He was a Syrian rebel commander who led homegrown fighters like himself and had a prescient view of the conflict: a Syrian insurgency with nowhere else to turn, he said nearly a year ago, would tilt toward foreign fighters and Al Qaeda.
By the time a government airstrike caught him in northern Syria last week, even some of his most fervent admirers believed he had become, in some ways, part of that tilt.
The commander, Abdulkader al-Saleh, 33, was a recognized and accessible leader in a fragmented insurgency that has few. He managed to gather ragtag local militias into the Tawhid Brigades, for a time one of the most organized and effective rebel battle groups, and to bridge the gap between relatively secular army defectors and Islamist fighters.
But when he died Thursday of wounds from an airstrike in Aleppo, he and Tawhid were months into a slow decline from the peak of their influence. The extremist Islamic State in Iraq and Syria had edged out Tawhid as the pace-setting group policing the northern province. And as that group’s foreign fighters stepped up kidnappings, public executions and attacks on Tawhid and its rebel allies, Mr. Saleh disappointed some of his comrades by remaining largely silent, trying to mediate the disputes rather than fighting to prevent the atrocities and infighting that have gutted the revolt from within.
Mr. Saleh’s story, much like that of the movement for which he left his life as a seed trader and father of five, unfolded as one of optimism and possibility diverted by war’s disappointments and, it seemed, its moral exigencies and dark alliances.
As foreign fighters and money from extremist Islamists poured into Syria, he seemed to decide that was the direction the war was going and to coast with it. He spoke often, in meetings over the past year with New York Times reporters who also spent time with Tawhid, of Syrian hospitality and a commitment to an open, pluralistic Syria. But he ultimately made accommodations with ISIS that, to some of his allies, were at best disappointing and at worst ugly.
Though he had welcomed journalists and aid workers, when Islamist groups began kidnapping them, even holding hostages at a compound he shared with ISIS in Aleppo, he made no public moves to stop it. He aligned openly with the Nusra Front, a Qaeda-linked group, even as he maintained ties with the Western-backed Free Syrian Army, saying he was a moderate Islamist and a pragmatist.
And he did not act to stop ISIS from driving his Free Syrian Army allies, the North Storm brigade, from the crucial border town of Azaz in September — an example of the infighting that has helped recent government advances in Aleppo.
A commander in North Storm said in a telephone interview on Monday that although Mr. Saleh mediated between rebel factions, “had he used his power, position and character in the Azaz incident, things now would have been otherwise.”
The commander spoke on condition of anonymity because of the sensitivity of criticizing Mr. Saleh, whom he called a “great man,” so soon after his death.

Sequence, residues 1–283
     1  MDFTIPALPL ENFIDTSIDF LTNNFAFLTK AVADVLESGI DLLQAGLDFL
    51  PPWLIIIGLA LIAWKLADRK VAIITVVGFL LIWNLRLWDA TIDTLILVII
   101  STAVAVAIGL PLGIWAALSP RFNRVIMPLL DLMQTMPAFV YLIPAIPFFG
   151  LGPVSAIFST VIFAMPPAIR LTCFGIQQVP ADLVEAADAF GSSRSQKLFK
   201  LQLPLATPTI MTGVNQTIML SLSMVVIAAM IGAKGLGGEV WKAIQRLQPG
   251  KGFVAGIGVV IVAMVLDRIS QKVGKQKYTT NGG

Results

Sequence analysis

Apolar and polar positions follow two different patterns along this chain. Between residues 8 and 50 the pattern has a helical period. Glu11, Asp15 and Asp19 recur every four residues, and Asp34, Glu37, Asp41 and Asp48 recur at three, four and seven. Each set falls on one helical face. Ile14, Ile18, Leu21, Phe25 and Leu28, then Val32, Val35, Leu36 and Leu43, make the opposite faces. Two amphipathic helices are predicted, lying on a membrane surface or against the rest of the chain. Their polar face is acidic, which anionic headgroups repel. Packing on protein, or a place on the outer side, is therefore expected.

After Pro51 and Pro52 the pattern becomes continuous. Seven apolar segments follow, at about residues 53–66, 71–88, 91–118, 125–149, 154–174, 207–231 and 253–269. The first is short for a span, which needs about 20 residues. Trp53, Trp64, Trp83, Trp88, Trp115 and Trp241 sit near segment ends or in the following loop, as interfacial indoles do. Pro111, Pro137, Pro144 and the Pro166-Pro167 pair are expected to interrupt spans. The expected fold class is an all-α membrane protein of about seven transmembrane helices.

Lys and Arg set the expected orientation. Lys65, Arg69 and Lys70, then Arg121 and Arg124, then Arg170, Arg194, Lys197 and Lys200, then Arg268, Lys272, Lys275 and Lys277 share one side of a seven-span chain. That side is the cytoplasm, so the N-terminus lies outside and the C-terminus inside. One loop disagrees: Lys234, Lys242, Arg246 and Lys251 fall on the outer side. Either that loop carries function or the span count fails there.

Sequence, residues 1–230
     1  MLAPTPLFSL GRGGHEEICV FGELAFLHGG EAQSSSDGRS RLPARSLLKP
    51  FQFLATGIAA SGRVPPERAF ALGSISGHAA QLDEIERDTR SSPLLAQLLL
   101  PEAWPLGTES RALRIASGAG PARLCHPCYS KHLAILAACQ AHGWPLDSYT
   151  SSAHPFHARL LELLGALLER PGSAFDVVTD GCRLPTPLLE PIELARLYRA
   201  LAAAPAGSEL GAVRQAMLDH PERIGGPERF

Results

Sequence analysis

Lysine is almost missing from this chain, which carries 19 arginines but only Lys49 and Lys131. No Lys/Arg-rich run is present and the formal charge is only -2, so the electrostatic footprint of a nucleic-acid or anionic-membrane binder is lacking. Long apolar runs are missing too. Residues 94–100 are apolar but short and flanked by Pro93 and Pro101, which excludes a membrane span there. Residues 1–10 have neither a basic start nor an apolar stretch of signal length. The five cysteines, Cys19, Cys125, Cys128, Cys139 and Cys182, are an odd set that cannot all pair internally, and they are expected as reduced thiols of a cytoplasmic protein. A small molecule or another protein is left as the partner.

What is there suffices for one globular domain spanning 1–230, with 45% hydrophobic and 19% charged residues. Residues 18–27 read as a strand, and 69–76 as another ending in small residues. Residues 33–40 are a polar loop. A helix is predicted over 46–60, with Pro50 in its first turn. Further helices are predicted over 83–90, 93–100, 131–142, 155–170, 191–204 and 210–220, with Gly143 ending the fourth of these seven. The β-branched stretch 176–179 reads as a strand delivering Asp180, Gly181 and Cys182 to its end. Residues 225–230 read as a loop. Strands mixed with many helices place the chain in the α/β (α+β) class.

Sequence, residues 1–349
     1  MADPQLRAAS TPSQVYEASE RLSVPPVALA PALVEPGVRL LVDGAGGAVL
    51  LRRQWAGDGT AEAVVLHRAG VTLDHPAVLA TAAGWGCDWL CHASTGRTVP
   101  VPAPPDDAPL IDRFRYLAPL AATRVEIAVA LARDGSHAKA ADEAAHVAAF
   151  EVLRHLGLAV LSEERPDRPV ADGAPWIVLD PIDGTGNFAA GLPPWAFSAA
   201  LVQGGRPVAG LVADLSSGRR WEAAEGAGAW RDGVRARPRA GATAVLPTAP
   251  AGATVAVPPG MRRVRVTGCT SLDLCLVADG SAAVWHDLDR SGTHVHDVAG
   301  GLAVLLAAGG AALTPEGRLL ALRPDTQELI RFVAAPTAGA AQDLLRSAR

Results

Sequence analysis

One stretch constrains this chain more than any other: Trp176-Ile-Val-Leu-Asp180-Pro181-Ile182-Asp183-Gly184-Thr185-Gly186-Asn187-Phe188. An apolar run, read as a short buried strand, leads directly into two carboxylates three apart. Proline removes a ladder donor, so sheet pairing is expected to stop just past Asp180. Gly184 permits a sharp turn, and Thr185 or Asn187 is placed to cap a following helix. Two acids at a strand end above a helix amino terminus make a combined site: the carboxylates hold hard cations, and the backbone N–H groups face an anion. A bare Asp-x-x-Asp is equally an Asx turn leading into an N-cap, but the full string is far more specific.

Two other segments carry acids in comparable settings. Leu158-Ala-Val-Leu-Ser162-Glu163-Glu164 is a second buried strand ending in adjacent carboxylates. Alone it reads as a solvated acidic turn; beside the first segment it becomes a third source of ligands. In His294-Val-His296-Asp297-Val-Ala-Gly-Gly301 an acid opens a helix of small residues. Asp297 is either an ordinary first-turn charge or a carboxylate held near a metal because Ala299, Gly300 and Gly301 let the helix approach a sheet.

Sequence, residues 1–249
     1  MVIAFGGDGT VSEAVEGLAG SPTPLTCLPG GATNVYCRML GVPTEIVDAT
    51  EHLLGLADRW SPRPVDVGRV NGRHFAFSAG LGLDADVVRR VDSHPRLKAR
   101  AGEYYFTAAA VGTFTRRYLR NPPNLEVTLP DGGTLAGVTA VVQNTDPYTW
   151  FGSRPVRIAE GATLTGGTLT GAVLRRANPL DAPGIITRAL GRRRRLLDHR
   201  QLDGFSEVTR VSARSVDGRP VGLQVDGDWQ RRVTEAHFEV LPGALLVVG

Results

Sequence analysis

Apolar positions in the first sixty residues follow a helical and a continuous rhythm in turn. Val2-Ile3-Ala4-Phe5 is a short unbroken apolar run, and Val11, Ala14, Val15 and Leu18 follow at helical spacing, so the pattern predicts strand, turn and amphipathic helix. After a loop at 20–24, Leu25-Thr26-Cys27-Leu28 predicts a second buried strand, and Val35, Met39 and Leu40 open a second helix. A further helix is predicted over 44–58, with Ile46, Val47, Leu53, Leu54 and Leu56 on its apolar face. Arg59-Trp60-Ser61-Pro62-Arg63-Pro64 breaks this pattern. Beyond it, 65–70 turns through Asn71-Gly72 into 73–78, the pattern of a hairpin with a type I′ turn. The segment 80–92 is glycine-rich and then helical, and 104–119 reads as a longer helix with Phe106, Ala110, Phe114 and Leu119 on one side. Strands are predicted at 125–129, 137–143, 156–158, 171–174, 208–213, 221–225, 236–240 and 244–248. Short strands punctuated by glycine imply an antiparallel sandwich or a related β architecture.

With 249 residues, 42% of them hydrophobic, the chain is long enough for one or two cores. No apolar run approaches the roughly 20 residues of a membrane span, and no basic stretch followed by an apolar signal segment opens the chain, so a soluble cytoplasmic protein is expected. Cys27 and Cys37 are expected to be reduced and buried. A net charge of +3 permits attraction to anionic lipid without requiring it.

Another North Storm leader said that Tawhid lost five fighters in clashes with ISIS — something Tawhid denies — and that Mr. Saleh stood by and then tried to broker an end to the fight. The leader said Mr. Saleh had explained that a tough stand against ISIS could have endangered Tawhid fighters in ISIS-run areas.
Even so, fighters and government opponents across Syria, those with Islamist and secular views alike, mourned Mr. Saleh on Monday, when Tawhid announced that he had died in a Turkish hospital. It had been concealed, fighters said, to allow his safe burial in his hometown Marea and to preserve morale.
“How are we going to make it to Damascus without you?” a resident of the northern province of Idlib, identifying himself as Najd, wrote on Facebook.
Mohammed al-Hadi, an antigovernment activist, said he was incredulous that Tawhid leaders had met in a place that was a clear target, an infantry school held by rebels near the front lines. “It is an error by Tawhid,” he said in a Skype interview, adding that he feared that with the commander’s death whatever cooperation remained between Islamist and secular rebels would disintegrate.
The lanky Mr. Saleh, often wearing Polo shirts and an infectious smile, was a chatty fixture on the front lines, unfazed by gunfire. He survived a would-be assassin’s bullet and joked about a rumored $200,000 price on his head. He said he participated in peaceful protests against President Bashar al-Assad and turned to arms after the government crackdown, as Tawhid grew to claim 10,000 fighters and replace its slingshots and hunting rifles with automatic weapons and tanks.
Tawhid spearheaded the rebel invasion of Aleppo in 2012, widely seen as a mistake and a blow to popular support because it forced the city into battles that destroyed many revered historical sites.
Times journalists witnessed Tawhid fighters using a prisoner as an unwitting suicide bomber. The group’s fighters were accused of looting and of executing prisoners, though, by the dismal standards that came to prevail, they remained more respected than many other groups.
Mr. Saleh used to stress that he fought for all Syrians and would not harm minorities. But days before his death, he told his men they were fighting “for the Sunnis.”
“All the ummah abandoned us,” he said, referring to Muslims worldwide. “Depend not on weapons but on God.” He closed, presciently, with a warning not to gather in large groups. “Beware of that,” he said.
THE NEW YORK TIMES